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SOC 224 – Methods of Social Research

2017 – S1 Day

General Information

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Unit convenor and teaching staff Unit convenor and teaching staff Unit Convenor
Tobia Fattore
Contact via tobia.fattore@mq.edu.au
Credit points Credit points
3
Prerequisites Prerequisites
12cp at 100 level or above
Corequisites Corequisites
Co-badged status Co-badged status
Unit description Unit description
Social research is essential in the contemporary world and an important field of employment for graduates in the social sciences and humanities. This unit gives students an opportunity to develop practical skills designing social and organisational research; and in collecting, analysing and presenting data to address research questions. You will consider the best research methods to use and the problems, limitations and traps likely to be encountered by inexperienced researchers. You will also consider the ethical issues in social research, and the impact of new information technologies on social research. The emphasis is on the practical side of research. A series of active workshops introduces major methodological techniques, basic qualitative and quantitative approaches, including interviewing, case studies, group techniques, textual analysis, and participant observation. Students also receive a basic introduction to SPSS. Research methods useful to community generated research are also explored. No knowledge of statistics is required. The unit is suitable for all students in social sciences, humanities, media, creative arts or business and finance. It is particularly useful for those seeking interesting and meaningful employment after graduation or for anyone wanting to go on to do Honours and higher research.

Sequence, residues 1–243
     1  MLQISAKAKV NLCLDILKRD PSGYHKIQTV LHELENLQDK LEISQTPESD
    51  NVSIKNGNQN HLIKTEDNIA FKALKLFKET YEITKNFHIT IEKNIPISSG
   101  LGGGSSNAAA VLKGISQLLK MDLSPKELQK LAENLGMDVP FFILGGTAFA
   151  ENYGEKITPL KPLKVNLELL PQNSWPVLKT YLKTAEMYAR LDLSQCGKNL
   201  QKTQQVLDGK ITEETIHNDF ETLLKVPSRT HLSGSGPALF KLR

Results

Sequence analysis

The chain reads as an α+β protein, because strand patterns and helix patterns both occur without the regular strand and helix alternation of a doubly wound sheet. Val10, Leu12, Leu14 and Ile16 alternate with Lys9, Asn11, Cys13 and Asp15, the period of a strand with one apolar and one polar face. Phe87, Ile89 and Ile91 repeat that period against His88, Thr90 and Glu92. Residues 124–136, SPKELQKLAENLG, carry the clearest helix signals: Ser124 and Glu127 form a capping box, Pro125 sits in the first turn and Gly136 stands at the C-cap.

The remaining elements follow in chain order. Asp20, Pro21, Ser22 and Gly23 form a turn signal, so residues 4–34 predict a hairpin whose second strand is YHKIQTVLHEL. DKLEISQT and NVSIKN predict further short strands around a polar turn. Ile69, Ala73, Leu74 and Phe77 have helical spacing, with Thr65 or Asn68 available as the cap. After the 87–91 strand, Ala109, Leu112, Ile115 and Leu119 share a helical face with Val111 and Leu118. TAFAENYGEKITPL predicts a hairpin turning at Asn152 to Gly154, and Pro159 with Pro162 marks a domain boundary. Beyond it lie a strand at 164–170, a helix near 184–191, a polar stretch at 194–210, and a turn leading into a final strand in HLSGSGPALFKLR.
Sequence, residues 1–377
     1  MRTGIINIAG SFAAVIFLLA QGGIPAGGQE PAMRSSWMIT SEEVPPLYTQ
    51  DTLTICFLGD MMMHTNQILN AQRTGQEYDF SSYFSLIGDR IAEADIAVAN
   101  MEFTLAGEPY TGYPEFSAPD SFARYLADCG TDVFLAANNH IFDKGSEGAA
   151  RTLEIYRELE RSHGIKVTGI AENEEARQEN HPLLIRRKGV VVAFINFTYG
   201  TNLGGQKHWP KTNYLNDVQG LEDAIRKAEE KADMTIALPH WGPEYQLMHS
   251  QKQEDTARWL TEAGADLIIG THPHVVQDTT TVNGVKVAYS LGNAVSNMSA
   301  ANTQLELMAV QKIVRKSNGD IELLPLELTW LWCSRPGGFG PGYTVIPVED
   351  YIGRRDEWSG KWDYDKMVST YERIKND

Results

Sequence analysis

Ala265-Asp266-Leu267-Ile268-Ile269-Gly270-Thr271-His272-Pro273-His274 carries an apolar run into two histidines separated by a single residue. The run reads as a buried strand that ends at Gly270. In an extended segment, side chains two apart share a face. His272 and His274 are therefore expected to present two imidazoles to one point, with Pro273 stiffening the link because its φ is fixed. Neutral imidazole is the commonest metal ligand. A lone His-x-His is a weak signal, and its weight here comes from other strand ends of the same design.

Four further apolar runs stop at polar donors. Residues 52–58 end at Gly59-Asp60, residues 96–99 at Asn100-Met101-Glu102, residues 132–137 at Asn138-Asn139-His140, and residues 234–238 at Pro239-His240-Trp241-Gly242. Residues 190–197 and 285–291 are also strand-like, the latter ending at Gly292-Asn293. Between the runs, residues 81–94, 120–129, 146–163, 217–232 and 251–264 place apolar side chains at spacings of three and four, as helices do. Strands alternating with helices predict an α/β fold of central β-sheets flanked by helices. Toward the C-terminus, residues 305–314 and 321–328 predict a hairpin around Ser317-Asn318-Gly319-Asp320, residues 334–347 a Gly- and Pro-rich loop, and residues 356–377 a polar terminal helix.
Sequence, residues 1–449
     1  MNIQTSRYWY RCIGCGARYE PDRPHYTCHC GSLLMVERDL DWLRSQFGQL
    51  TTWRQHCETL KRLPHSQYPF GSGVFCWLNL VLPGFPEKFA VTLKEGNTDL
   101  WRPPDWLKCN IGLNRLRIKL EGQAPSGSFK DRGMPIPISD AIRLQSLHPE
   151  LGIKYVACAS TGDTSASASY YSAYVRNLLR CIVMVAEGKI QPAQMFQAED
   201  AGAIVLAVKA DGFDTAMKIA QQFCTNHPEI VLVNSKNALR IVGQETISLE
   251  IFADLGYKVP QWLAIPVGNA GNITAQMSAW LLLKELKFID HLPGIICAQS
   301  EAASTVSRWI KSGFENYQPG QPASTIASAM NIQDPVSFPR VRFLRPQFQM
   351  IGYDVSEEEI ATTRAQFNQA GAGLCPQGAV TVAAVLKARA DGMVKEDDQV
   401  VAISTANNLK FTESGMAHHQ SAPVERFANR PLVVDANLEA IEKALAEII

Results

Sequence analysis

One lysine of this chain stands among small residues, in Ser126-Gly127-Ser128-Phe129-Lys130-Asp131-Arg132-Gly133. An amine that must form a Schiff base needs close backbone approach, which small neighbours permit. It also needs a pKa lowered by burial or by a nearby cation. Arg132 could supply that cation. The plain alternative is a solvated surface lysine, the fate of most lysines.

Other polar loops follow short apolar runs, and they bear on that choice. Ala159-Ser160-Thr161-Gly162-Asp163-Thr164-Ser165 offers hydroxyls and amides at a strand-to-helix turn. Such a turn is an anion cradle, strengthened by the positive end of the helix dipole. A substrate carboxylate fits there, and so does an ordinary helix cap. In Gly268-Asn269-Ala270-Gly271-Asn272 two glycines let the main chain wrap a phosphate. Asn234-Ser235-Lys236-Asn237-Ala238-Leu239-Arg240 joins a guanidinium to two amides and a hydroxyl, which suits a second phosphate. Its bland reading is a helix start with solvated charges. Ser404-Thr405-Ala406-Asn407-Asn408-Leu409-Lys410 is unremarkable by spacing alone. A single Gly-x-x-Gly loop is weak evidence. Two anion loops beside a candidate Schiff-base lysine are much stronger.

Important Academic Dates

Information about important academic dates including deadlines for withdrawing from units are available at http://students.mq.edu.au/student_admin/enrolmentguide/academicdates/

Learning Outcomes

  1. Learn about the range of qualitative and quantitative social research methods and know when each should be used in social research.
  2. Gain first-hand experience in using social research methods, including becoming familiar with the technologies used in social research.
  3. Demonstrate an understanding of the major problems confronting social researchers, especially: the scientific status of social science research; the strengths and weaknesses of different methods; questions relating to validity and reliability; and ethical considerations in social research.
  4. Be able to scope a research problem, prepare a research proposal in response to this problem and outlinea program of research to address the issues being considered.
  5. Develop proficiency in generic skills required to undertake social research. These include: high level information retrieval, critical reading and conceptual skills, problem development and writing skills; and skills in the preparation of research proposals, literature reviews and assessment of research.

Assessment Tasks

Name Weighting Due
Information Skills Modules 5% By the end of Week 5
Literature Review 20% End of Week 6
Research Proposal 40% End of Week 12
On-line test 20% Week 13
Participation 15% Weekly

Information Skills Modules

Due: By the end of Week 5
Weighting: 5%

As part of preparing for the Literature Review Task, students will be required to undertake four Information Retrieval Skills modules. These modules develop students abilities to search for a range of academic sources and assess the quality of such sources. Each module has a quiz testing skills developed in that module. The results of these quizzes will comprise 5 percent of the overall mark for SOC224.